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Ways to safeguard retirement plans amid a gray divorce

On Behalf of | Sep 8, 2023 | Divorce |

At some point during your lifetime, you’ve likely heard the expression “half of all marriages end in divorce.” So, it may be surprising for you to learn that more and more spouses these days are choosing to stay together. Reportedly, the divorce rate in Minnesota and across the country is on the decline. For the Baby Boomer generation, however, data from the Pew Research Center suggests that the rate of divorce has skyrocketed.

In a phenomenon known as gray divorce, the divorce rate for American adults, ages 50 and older, has almost doubled since the 1990s. Going through a marital breakup at any age is hard. But if you’re going through a late-life or gray divorce, you’ll likely face some unique financial challenges. Here are some ways you can safeguard your retirement if you are facing a late-life divorce.

Understand your finances

In a divorce, it is crucial for you to gain a detailed understanding of your financial situation. In fact, some states usually require a statement of net worth or financial affidavit. This is especially important for women since, traditionally, husbands often managed most of the finances in a marriage. Knowing where you stand financially will facilitate a smoother transition to your new life ahead.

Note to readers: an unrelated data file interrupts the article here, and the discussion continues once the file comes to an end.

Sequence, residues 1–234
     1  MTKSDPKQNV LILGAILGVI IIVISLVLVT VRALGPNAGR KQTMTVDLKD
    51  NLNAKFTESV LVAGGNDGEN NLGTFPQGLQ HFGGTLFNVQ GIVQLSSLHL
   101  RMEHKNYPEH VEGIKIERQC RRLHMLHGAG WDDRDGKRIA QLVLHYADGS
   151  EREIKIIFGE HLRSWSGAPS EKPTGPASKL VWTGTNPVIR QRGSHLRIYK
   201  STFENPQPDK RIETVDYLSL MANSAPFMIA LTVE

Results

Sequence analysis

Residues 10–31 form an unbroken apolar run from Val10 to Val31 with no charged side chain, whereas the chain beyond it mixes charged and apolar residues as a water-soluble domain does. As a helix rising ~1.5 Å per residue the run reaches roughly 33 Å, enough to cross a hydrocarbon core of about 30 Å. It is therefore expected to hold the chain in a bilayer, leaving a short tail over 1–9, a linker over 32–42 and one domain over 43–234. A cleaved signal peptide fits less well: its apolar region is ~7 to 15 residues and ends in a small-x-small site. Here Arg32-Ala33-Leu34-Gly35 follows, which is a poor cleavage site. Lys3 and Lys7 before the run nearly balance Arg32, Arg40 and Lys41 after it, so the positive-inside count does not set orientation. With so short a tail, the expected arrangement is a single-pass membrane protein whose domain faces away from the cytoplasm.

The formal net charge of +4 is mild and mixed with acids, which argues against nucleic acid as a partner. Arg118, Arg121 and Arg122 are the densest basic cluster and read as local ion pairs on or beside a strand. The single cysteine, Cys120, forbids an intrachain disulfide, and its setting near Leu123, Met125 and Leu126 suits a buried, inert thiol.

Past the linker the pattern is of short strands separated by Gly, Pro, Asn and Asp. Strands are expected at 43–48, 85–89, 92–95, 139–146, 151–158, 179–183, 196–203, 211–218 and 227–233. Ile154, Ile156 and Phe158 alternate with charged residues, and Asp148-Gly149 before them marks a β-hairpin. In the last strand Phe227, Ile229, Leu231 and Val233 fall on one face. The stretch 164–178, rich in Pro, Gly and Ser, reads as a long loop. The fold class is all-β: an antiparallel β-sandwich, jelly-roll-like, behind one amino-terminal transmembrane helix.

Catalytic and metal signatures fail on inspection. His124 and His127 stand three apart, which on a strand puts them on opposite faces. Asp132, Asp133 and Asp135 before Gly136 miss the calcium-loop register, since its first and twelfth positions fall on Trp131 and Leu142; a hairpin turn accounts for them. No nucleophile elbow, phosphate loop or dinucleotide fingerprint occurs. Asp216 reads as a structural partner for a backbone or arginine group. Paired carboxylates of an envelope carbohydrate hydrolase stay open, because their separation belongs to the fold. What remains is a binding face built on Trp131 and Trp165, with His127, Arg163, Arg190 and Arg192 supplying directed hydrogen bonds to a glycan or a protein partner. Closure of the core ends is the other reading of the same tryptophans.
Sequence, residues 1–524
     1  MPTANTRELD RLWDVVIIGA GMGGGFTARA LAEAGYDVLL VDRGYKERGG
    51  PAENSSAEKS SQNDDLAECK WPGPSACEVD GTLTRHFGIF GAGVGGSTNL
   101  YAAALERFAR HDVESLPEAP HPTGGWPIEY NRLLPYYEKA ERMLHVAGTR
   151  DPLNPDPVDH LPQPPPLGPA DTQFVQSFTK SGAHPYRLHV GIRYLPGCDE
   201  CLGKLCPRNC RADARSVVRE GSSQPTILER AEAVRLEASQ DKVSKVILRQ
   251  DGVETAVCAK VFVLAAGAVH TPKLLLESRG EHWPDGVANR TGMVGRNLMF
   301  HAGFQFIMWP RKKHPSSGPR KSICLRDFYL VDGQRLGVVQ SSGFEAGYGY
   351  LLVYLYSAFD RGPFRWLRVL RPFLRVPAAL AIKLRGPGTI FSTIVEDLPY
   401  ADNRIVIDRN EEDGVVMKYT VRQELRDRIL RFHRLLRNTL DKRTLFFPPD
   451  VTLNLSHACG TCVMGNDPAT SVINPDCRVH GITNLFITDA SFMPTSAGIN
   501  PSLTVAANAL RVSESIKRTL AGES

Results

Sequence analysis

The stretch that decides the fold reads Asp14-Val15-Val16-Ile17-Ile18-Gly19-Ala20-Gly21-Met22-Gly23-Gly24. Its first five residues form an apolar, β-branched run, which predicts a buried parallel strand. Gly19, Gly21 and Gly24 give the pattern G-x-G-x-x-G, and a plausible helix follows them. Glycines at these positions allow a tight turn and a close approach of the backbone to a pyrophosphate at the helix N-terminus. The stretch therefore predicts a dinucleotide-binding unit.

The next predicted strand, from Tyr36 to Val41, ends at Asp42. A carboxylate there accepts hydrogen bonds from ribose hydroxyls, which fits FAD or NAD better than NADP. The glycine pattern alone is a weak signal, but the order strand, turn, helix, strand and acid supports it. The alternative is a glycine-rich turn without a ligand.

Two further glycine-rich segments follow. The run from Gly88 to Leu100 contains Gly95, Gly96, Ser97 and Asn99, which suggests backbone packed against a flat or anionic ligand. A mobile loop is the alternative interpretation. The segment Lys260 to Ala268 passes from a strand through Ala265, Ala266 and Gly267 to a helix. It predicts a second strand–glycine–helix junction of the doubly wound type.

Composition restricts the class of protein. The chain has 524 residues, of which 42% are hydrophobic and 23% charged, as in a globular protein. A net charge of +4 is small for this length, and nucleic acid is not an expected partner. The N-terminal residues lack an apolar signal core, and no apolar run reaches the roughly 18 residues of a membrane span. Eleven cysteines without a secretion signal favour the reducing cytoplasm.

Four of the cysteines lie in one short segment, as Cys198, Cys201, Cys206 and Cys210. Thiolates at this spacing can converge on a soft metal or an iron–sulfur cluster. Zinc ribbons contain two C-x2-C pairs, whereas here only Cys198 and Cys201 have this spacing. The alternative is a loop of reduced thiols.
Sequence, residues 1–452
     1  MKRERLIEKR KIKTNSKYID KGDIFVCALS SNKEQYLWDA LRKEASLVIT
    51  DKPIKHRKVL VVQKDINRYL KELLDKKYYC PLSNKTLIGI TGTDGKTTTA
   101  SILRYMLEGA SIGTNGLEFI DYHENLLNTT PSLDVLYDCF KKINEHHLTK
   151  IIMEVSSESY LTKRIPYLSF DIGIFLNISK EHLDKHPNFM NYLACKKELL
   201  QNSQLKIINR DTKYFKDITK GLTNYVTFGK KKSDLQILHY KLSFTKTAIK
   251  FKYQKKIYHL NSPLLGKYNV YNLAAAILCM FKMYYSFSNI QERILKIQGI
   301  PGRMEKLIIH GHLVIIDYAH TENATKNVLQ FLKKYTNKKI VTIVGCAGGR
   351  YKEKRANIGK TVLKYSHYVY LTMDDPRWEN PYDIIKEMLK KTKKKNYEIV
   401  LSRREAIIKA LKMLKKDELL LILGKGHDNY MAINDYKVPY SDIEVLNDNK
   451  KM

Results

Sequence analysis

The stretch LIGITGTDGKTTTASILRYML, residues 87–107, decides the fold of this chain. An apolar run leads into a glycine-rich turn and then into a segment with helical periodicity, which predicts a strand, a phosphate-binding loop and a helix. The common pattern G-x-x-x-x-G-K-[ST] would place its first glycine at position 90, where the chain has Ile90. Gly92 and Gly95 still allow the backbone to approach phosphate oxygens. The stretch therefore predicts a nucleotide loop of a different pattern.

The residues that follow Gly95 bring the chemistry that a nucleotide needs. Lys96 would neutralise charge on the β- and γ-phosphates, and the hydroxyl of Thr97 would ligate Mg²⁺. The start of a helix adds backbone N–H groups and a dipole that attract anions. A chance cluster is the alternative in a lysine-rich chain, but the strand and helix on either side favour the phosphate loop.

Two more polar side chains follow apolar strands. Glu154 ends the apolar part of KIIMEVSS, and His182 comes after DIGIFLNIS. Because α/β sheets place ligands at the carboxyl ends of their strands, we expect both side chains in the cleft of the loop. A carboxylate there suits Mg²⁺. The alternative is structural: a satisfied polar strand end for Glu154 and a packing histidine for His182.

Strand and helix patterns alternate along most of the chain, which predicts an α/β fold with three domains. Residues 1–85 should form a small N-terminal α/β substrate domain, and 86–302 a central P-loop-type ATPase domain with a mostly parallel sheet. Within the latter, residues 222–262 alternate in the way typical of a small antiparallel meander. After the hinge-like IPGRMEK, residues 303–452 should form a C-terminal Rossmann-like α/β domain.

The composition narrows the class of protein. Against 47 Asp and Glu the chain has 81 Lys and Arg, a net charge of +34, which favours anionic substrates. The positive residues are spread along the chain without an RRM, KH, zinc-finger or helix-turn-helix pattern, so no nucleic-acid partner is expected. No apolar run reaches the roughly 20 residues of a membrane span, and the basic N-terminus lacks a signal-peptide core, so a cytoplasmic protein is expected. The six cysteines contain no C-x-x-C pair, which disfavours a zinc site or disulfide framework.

Social Security

In most gray divorces, Social Security will come into play. Keep in mind that, if you meet certain criteria, you may be able to receive Social Security from your former spouse. In order to qualify for this, you must be at least 62 years old, and your marriage must have lasted at least 10 years before your divorce. For more specifics, visit the Social Security Administration’s website.

Recovering losses

If you go through a late-life divorce, you will have less time to recover investment losses than younger people. Fortunately, Congress recently passed the Secure Act 2.0, which makes it easier to build up retirement savings plans at a later age. However, you will still need to contribute as much as possible to your retirement. Strive to live below your means after divorce in order to maximize retirement savings.

You are not alone

Although focusing on financial stability amid a gray divorce is important, your emotional and psychological well-being is just as important. Ending a decades-long marriage can be a big blow to your identity and self-worth. It is important to remember that you have a lot of life ahead of you, and starting over can be incredibly liberating. It is also comforting to know that there is professional assistance readily available to help you sort through legal issues as well as your future financial risks.